Digital transformation in manufacturing

Posted: April 14, 2022

How digital transformation is shaping the manufacturing industry

With IT and OT convergence on the rise, the way in which many manufacturing firms do business is changing. Manufacturing processes are becoming more complex, the workforce is rapidly changing, and many firms don't know where to start when it comes to digital transformation. Coupled with a smaller, less experienced workforce, the challenge is even greater. So how can manufacturing companies adapt?

Optimizing manufacturing operations through digital twins

For many, one answer lies in gaining greater visibility into operations, or cultivating operational intelligence, to better spot optimization opportunities. Consider digital twins, for example. A digital twin is a digital replica of a physical entity. Using industrial software, manufacturing firms can build digital replicas of their entire manufacturing operation, which in turn allows them to improve asset health, reduce maintenance costs, and improve overall performance at their facilities. Using near real-time digital images, firms can see their entire operation from end to end and run crucial simulations before actual devices are built and deployed.

As a generation of digital twin-enabling technologies emerge, manufacturing firms have new ways to model captured data and run analytics, allowing for stronger analysis that can be democratized across an enterprise. Digital twins can be created for specific projects to accelerate program timing, increase product fitness, and close the engineering loop. They can also be created to optimize overall manufacturing operations and help drive project decisions, improving overall performance. These optimizations, including the use of digital twins, are just a few examples of smart manufacturing techniques.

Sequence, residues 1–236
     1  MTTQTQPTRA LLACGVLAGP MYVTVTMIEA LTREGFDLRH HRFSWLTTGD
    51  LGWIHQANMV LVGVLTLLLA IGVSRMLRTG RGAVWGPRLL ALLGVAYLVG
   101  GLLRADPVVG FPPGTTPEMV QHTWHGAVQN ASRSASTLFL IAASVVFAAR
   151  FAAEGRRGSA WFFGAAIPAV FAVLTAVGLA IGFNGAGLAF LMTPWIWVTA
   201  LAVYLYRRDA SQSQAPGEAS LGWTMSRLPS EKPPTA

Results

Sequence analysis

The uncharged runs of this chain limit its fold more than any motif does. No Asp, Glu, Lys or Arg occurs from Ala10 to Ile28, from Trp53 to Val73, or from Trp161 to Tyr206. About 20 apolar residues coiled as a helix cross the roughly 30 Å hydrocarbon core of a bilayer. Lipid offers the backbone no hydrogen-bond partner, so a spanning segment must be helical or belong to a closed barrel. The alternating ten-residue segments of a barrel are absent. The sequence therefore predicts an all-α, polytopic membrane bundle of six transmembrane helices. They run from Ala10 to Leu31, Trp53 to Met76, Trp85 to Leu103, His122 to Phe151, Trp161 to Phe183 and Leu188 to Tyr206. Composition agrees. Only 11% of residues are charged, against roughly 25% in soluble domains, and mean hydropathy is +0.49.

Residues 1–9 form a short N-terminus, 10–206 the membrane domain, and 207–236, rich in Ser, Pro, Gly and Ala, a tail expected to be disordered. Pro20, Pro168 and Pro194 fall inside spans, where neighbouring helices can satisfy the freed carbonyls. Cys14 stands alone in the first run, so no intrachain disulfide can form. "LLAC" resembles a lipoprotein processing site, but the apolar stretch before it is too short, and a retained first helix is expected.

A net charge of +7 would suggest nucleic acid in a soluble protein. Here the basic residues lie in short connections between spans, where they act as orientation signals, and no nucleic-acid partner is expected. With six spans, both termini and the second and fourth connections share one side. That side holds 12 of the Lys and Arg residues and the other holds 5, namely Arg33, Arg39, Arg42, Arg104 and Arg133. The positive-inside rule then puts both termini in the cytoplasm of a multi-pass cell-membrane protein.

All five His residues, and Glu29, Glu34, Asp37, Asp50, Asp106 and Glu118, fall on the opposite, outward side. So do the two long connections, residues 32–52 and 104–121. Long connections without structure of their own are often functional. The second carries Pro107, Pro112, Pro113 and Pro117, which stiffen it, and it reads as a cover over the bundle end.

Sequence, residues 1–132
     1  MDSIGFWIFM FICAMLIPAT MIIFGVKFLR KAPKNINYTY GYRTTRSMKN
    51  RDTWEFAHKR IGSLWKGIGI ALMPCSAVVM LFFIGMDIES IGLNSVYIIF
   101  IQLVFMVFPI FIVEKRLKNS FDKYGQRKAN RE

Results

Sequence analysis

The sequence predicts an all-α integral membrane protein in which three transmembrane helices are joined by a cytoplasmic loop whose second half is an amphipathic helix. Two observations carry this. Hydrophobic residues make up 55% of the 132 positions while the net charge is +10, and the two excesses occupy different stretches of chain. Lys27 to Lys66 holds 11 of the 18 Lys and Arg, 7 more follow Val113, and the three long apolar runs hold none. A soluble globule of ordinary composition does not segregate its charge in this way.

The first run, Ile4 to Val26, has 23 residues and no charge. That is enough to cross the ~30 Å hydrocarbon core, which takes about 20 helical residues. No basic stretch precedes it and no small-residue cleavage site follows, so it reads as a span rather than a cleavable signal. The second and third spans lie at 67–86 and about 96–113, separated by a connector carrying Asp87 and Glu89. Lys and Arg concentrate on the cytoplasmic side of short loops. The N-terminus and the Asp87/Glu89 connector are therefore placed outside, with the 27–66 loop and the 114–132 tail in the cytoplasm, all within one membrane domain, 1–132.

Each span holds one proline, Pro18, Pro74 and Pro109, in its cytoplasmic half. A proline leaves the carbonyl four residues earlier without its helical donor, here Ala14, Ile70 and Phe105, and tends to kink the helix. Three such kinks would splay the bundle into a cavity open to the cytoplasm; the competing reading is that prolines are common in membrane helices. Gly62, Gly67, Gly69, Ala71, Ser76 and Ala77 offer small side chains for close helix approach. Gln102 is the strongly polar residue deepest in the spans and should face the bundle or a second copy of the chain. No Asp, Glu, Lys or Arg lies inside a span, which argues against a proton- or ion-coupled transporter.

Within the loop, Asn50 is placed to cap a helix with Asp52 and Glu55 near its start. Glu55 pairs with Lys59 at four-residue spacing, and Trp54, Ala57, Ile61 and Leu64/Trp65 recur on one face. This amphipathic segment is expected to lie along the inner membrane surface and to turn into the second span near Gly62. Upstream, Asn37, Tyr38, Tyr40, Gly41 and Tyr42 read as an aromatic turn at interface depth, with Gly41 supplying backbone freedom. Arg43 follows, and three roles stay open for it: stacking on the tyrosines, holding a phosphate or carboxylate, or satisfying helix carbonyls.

What smart manufacturing looks like

Phillips 66, a multinational energy company, used digital twins to improve data modeling by creating a single simulation model to help optimize refining output and improve situational awareness. By leveraging the power of AVEVA™ PI System™ asset framework templates, they were able to model non-physical assets (product streams, yields) in addition to physical ones in one dynamic, centrally managed design. This led to improved performance, data transparency, and workforce empowerment through the self-serve access to models they needed. As manufacturing processes continue to get smarter, the benefits they yield are expected to become larger.  

Closing the age and skills gap

The age gap between manufacturing workforces continues to widen, with the population of 60 and older workers increasing dramatically. This means not only new jobs to fill, but also skills to replace, which can be difficult. It’s estimated that of the millions of manufacturing jobs to be filled in the coming decade, many will go unfilled, largely in part to a skills shortage in the US manufacturing industry. So how can firms adapt?

In today's climate, resiliency is key. Passing institutional knowledge must be transferred effectively for business continuity, and digital technologies will prove crucial to accomplish it—capturing and transferring knowledge, better organizing and manage data flow, and modeling business outcomes. Techniques such as machine learning (ML) and other analytics won’t be silver bullets, though. While helpful, ML and multivariate analytics are most useful for “eliminating ground” for SMEs and allowing them to do their jobs faster, but they're not a perfect replacement.  Firms must optimize human capital, processes, and performance through the use of operational data.  

By optimizing projects, processes, and people, firms can better navigate changes associated with the digital transformation in manufacturing and fully embrace new technologies that are reshaping the way we do business.


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